Edit: Almost forgot: if you’re in Edmonton Tuesday night, you might want to check out Candi{date}, a meet-your-candidates event that Next Gen and InterVivos are hosting. It promises to be very shmoozy. I’ll add it to the Community section.

Destroy the environment before it destroys us

Caption: Positive effects of environmental degradation. Man in clear-cut forest smiles, "Hey, my allergies are gone!"This week’s episode of Terra Informa was a labour of love and the most fun I’ve had helping produce the show so far. We decided to use April Fool’s Day as an opportunity to make fun of our usual earnest environmental news reporting. We call it Terra MisInforma.

You can download the podcast on iTunes, stream it online or listen live in Edmonton tomorrow at 5 on CJSR 88.5 FM. Hear how the federal government passed up a huge opportunity for a parking lot with the new Rouge Valley National Park, the Top 5 Environmental Threats to Our Security and Freedom, and the Ezra Levant Award for Excellence in Excellence in Journalism.

I’ve also updated the Community section with a new Lawrence Hill lecture coming up, details about the Pride Centre re-opening, and a link to the bike lane consultations happening around Edmonton right now. The headlines might be all election all the time, but there’s still plenty of other stuff happening around town.

Fighting for environmental health in Durban

Desmond D'Sa, coordinator for the South Durban Community Environmental Alliance
Desmond D'Sa, coordinator for the South Durban Community Environmental Alliance (Photo credit: idex.org)

It’s hard to miss the major UN climate conference going on in Durban, South Africa right now (this one’s better known as COP 17), if only for the almost-daily embarrassments from Canada’s Environment Minister Peter Kent. He’s really good at sticking to his talking points about wanting major emitters like China and India included in any binding global agreement to lower carbon emissions. He seems unwilling to admit the uncomfortable fact that in a cumulative sense Canada is also a major emitter, because we’ve run an industrialized economy on fossil fuels for well over a century.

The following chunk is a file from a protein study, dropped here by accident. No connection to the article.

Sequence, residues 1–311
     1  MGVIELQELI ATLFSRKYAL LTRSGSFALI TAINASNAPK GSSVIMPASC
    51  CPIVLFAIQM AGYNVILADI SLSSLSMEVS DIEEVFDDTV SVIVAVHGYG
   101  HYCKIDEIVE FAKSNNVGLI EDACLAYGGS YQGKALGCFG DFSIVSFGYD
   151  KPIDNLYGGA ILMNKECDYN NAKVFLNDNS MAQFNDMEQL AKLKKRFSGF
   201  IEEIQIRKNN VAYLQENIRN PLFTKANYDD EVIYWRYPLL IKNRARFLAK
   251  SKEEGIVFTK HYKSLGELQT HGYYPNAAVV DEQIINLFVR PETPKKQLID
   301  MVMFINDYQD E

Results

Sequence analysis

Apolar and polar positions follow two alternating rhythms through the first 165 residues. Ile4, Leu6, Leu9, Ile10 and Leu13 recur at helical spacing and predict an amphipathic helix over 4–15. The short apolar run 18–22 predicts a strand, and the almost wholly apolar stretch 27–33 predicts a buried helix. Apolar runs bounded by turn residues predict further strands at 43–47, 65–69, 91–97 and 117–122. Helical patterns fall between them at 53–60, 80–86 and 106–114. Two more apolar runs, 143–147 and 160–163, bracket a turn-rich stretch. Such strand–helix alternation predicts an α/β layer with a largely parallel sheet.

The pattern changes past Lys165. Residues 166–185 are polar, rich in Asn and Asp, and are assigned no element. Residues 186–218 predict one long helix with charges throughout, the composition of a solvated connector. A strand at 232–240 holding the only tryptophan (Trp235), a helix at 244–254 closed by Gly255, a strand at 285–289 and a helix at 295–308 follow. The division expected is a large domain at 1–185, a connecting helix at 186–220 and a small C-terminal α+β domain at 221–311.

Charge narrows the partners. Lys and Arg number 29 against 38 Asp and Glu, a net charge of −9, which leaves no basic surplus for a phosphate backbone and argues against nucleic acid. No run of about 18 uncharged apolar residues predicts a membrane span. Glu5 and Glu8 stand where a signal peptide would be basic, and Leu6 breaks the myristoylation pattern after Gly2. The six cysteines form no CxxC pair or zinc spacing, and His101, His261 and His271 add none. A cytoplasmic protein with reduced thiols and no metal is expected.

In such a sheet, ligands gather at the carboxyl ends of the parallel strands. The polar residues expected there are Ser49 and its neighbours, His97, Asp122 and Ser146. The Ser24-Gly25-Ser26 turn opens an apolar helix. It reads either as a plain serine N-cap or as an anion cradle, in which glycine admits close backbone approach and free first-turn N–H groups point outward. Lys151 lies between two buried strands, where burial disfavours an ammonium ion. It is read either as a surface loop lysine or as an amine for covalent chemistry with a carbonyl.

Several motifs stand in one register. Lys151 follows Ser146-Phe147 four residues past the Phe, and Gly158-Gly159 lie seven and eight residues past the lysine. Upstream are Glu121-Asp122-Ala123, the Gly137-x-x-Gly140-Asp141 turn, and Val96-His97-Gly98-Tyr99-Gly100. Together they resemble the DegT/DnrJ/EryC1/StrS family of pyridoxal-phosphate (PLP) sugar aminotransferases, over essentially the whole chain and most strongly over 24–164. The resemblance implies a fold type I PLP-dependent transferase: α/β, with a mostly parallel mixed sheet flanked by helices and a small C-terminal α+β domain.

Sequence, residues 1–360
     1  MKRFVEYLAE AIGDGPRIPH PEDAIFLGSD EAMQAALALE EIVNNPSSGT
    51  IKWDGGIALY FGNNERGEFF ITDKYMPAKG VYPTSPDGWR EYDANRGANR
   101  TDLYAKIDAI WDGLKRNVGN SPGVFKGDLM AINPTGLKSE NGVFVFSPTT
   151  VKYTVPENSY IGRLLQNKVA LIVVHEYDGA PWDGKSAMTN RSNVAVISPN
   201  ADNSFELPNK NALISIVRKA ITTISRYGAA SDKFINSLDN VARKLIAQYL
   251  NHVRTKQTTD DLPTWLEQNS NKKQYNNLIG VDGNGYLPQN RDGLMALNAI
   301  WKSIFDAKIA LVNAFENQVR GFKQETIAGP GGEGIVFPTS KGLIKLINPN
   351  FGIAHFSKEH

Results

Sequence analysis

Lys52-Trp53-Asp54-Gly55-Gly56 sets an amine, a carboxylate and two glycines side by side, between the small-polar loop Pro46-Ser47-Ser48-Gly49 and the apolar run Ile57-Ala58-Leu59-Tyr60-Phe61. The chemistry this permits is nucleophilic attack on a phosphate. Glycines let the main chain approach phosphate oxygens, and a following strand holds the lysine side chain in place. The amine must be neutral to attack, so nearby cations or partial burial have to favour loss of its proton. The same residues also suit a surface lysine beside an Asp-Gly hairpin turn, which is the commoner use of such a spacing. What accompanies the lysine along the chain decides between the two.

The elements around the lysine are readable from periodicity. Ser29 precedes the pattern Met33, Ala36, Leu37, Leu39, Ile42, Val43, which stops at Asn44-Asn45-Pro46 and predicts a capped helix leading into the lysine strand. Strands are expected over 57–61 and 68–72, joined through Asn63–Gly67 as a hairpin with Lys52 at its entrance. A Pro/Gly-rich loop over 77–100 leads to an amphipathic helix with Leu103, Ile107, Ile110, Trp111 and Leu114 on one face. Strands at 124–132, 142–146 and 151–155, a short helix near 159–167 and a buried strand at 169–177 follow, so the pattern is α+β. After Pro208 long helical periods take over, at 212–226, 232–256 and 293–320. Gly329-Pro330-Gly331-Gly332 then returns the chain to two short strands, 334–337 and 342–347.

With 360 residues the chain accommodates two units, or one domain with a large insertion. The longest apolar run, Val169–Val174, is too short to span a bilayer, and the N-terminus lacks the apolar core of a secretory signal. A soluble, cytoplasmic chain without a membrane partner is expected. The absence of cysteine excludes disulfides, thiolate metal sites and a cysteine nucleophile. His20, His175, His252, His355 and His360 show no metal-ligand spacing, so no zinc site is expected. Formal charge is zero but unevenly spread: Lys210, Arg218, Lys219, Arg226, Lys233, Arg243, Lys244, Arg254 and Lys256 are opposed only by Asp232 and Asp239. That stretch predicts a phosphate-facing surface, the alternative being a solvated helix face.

We were throwing ideas around at Terra Informa on how to cover what’s been happening in Durban, and decided an interesting approach might be to see what kind of work environmental organizations in the city have been up to. As it turns out, this is a big story. Fellow Terra Informer Kathryn Lennon and I tracked down a man named Desmond D’Sa who’s been working for over 15 years in South Durban to protect the health of locals from pollution in the area.

Des helped start an organization called the South Durban Community Environmental Alliance when he was part of a household survey that noticed diseases like asthma and cancers were much more common in their part of the city than elsewhere. Through research and environmental monitoring, they’ve been able to connect that to the industrial sites like oil refineries and paper mills that are concentrated in the poorer neighbourhoods in the south of the city. And as you can imagine, he had a lot to say about fossil fuel industries and the UN talks.

Listen to the interview online here.